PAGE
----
Torment - basanos (Matthew 4:24 ), the "touch-stone" of justice; hence Inquisition by torture, and then any disease which racks and tortures the limbs
Sephardic - ) Of, pertaining to, or designating, the Jews (the Sephardim, also called Spanish or Portuguese Jews) descended from Jewish families driven from Spain by the Inquisition
Searching - Exanination severe Inquisition
Inquisition, the - The remedy for these evils on both sides was the establishment of a special tribunal, the Papal, or Roman Inquisition (1230, final form). Most of these abuses occurred in the Spanish Inquisition. In Spain the evil was in large measure due to the great influence which the civilpower had in the administration of the Inquisition. The Inquisition has been made a bugbear for Protestants. The methods of the Inquisition must be judged in the light of its own times and not in view of modern ideas
Sanbenito - , and worn by persons who had been examined by the Inquisition and were brought forth for punishment at the auto-da-fe
Cross-Bearer - Cross-bearers also denote certain officers in the Inquisition, who make a vow before the Inquisitors, or their vicars, to defend the Catholic faith, though with the loss of fortune and life
Diligent - The judges shall make diligent Inquisition
Innocent x, Pope - He was a cardinal-priest, a member of the congregations of the Council of Trent, the Inquisition, and Jurisdiction and Immunity
Andras Van Wesele - The statement that he was hampered by ecclesiastical authority and the Inquisition is erroneous, as is the charge that the Church was opposed to anatomy
Andreas Vesal - The statement that he was hampered by ecclesiastical authority and the Inquisition is erroneous, as is the charge that the Church was opposed to anatomy
Andreas Vesalius - The statement that he was hampered by ecclesiastical authority and the Inquisition is erroneous, as is the charge that the Church was opposed to anatomy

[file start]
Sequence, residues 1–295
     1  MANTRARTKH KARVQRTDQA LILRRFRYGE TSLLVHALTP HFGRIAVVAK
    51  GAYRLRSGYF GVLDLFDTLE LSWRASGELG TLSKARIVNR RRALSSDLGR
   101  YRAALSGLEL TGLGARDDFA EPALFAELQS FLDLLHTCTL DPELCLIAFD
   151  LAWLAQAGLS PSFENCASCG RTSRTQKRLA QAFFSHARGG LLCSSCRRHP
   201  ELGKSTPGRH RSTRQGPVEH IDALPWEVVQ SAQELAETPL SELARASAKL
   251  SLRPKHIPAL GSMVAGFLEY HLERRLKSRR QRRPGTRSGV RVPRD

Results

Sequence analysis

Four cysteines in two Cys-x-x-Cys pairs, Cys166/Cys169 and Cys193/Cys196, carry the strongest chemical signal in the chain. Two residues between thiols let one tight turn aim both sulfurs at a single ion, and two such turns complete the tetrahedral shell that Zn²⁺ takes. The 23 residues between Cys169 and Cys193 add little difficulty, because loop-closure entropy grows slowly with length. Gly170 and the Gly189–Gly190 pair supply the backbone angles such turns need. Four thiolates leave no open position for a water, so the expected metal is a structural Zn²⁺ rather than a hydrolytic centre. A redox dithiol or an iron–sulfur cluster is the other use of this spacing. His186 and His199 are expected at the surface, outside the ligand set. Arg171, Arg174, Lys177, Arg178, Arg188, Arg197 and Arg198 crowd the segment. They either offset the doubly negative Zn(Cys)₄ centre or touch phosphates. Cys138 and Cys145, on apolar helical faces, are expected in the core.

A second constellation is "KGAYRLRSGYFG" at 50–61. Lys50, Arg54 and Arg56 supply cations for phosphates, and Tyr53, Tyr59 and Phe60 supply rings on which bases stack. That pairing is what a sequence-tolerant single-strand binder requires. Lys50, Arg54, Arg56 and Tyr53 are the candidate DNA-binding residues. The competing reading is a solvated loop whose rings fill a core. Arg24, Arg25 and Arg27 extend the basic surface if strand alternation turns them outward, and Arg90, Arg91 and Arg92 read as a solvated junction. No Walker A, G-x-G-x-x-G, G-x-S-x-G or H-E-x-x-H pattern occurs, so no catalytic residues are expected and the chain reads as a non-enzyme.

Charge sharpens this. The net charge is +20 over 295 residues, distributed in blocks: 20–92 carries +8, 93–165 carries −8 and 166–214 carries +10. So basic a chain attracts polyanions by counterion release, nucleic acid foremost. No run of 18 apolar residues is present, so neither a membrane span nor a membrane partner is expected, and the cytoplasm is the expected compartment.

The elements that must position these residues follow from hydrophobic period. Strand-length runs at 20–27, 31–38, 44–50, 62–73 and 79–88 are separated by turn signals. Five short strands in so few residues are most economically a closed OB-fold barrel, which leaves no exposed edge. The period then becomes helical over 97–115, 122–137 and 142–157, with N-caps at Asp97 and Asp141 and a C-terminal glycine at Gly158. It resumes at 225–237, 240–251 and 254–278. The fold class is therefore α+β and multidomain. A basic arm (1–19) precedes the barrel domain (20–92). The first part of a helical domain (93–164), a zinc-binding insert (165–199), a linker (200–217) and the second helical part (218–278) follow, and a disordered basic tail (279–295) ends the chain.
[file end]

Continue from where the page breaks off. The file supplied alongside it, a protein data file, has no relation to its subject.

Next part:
Vesal, Andreas - The statement that he was hampered by ecclesiastical authority and the Inquisition is erroneous, as is the charge that the Church was opposed to anatomy
Vesalius, Andreas - The statement that he was hampered by ecclesiastical authority and the Inquisition is erroneous, as is the charge that the Church was opposed to anatomy
Sin: Punishment of - What a diabolical invention was the 'Virgin's kiss,' once used by the fathers of the Inquisition! The victim was pushed forward to kiss the image, when, lo, its arms enclosed him in a deadly embrace, piercing his body with a hundred hidden knives
Congregation - The term has been also used for assemblies of cardinals appointed by the pope for the discharge of certain functions, after the manner of our offices and courts; such as the congregation of the Inquisition, the congregation of rites of alms, &c
Inquisition - The justices in eyre had it formerly in charge to make Inquisition concerning them by a jury of the county
Familiars of the Inquisition - They are properly bailiffs of the Inquisition: and the vile office is esteemed so honourable, that noblemen in the kingdom of Portugal have been ambitious of belonging to it. When several persons are to be taken up at the same time, these familiars are commanded to order matters that they may know nothing of one another's being apprehended; and it is related, that a father and his three sons and three daughters, who lived together in the same house, were carried prisoners to the Inquisition without knowing any thing of one another's being there till seven years afterwards, when they that were alive were released by an act of faith